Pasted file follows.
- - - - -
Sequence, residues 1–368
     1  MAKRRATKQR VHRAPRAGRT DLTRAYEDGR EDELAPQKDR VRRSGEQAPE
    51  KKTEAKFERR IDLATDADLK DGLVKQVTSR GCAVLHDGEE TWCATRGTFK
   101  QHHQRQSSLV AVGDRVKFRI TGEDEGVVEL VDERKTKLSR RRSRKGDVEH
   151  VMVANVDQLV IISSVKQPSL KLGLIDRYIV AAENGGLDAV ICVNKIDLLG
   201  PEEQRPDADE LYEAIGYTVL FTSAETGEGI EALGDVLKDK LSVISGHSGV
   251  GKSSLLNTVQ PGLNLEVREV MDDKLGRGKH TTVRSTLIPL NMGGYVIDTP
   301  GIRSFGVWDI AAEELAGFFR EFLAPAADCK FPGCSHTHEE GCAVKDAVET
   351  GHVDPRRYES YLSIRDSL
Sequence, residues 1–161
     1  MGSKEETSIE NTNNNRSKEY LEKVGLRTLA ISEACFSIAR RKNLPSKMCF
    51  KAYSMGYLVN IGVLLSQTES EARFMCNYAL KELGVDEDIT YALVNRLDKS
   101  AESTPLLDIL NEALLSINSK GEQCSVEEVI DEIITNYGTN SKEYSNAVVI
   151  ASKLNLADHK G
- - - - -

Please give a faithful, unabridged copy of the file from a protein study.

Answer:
Sequence, residues 1–368
     1  MAKRRATKQR VHRAPRAGRT DLTRAYEDGR EDELAPQKDR VRRSGEQAPE
    51  KKTEAKFERR IDLATDADLK DGLVKQVTSR GCAVLHDGEE TWCATRGTFK
   101  QHHQRQSSLV AVGDRVKFRI TGEDEGVVEL VDERKTKLSR RRSRKGDVEH
   151  VMVANVDQLV IISSVKQPSL KLGLIDRYIV AAENGGLDAV ICVNKIDLLG
   201  PEEQRPDADE LYEAIGYTVL FTSAETGEGI EALGDVLKDK LSVISGHSGV
   251  GKSSLLNTVQ PGLNLEVREV MDDKLGRGKH TTVRSTLIPL NMGGYVIDTP
   301  GIRSFGVWDI AAEELAGFFR EFLAPAADCK FPGCSHTHEE GCAVKDAVET
   351  GHVDPRRYES YLSIRDSL
Sequence, residues 1–161
     1  MGSKEETSIE NTNNNRSKEY LEKVGLRTLA ISEACFSIAR RKNLPSKMCF
    51  KAYSMGYLVN IGVLLSQTES EARFMCNYAL KELGVDEDIT YALVNRLDKS
   101  AESTPLLDIL NEALLSINSK GEQCSVEEVI DEIITNYGTN SKEYSNAVVI
   151  ASKLNLADHK G